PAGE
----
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AIBU Birthday Party rudeness

(46 Posts)
Antiawesometic Sun 09-Jun-19 11:08:46

AIBU? My ds had his 8th birthday party yesterday and I don’t think I’ll be doing that again. I was quite taken aback by the behaviour of so many parents and some of the children too.

- 10 people didn’t respond to the invitation at all
- 1 child turned up without RSVP ing
- 1 child sent an email rsvp acceptance 25 minutes before the party started
- 2 people who said they’d be there didn’t turn up, no explanation
- about half the parents didn’t speak to me at all, just dropped their kids and ran without saying hello then came and collected them without saying thanks or goodbye.
- kids saying “I’m leaving can I have my party bag?” And their parents watched them
- kid ran in and said “is Jamie here?” (Answer - I don’t know because his mum never responded to the invite but my son is over there if you’d like to say hello and happy birthday)
-kids refusing to sit at the party table for tea so my son was left sitting with just one child next to him
- two parents paid for their younger children to join the party (in a separate room from the rest of the play area) without asking - I would have said yes of course but it would be nice to be asked.

There was also 2 kids crying for their mum two kids hurt themselves, and one wet himself. Not rudeness but just so stressful.

My son had a nice time but I was quite upset at the behaviour. AIBU?

RavenTitan Sun 09-Jun-19 11:13:38


By 8 I think smaller parties are the way to go, perhaps a couple of good friends to cinema or bowling etc.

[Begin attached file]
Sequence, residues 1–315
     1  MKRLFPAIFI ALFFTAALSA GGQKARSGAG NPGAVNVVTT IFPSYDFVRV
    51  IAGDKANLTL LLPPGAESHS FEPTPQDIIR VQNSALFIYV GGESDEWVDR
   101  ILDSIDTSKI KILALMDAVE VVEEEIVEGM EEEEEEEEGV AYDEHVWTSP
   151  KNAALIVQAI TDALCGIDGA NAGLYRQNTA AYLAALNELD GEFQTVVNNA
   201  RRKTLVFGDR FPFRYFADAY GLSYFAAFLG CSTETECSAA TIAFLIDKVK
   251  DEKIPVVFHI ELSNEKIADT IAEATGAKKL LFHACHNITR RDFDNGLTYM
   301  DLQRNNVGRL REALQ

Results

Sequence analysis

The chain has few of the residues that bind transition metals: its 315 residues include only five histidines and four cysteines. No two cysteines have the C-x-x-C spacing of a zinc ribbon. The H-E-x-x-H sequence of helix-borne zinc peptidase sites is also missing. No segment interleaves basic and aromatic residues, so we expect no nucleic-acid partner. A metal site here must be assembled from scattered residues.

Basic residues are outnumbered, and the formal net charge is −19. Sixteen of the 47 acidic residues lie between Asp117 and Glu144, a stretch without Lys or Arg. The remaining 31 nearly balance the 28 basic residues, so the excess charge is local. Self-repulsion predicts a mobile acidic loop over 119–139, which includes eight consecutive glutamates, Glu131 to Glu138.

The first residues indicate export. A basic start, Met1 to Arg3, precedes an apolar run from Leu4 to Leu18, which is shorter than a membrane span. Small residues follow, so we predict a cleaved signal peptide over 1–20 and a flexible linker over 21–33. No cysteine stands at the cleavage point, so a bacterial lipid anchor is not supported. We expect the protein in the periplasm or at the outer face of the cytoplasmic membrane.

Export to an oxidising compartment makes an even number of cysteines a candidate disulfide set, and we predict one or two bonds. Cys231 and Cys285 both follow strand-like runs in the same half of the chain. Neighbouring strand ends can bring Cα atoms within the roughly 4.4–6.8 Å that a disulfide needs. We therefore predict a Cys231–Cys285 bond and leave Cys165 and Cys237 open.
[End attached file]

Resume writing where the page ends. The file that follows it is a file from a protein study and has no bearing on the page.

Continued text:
Fundays12 Sun 09-Jun-19 11:14:34

Unfortunately this is common behaviour and the reason I hate parties. My friend threw one for her son last year ( just turned 6) and about 20 kids were dropped off by parents and left. How she was expected to be able to care for 20 excited kids let alone make sure they knew how to get to the toilet etc was beyond me. Thankfully I and a couple of other parents stayed.

herculepoirot2 Sun 09-Jun-19 11:14:36

God what a gang of rude arseholes.

MinisterforCheekyFuckery Sun 09-Jun-19 11:17:36

YANBU. We had a whole class party for DD's 5th birthday last year. Never again!! From now on it'll be a special day out or a small party with a handful of friends.

Antiawesometic Sun 09-Jun-19 11:18:45

@RavenTitan I think you are right. He had his heart set on a whole class party but going forward it will be good friends only. I’m still having palpitations a day later.

BigusBumus Sun 09-Jun-19 11:25:51

At about 8 years old we dropped big parties in favour of 7 friends (plus birthday child) round the kitchen table eating an old fashioned birthday tea, then games such as Pass the Parcel, Musical Statues or whatever, then afterwards whilst waiting for parents to pick them up, we had the massive boxes of lego out for 6 of them whilst the other 2 played on the Xbox (in the same room). SOOOOOOO much less stressful and far far cheaper and more enjoyable for everyone.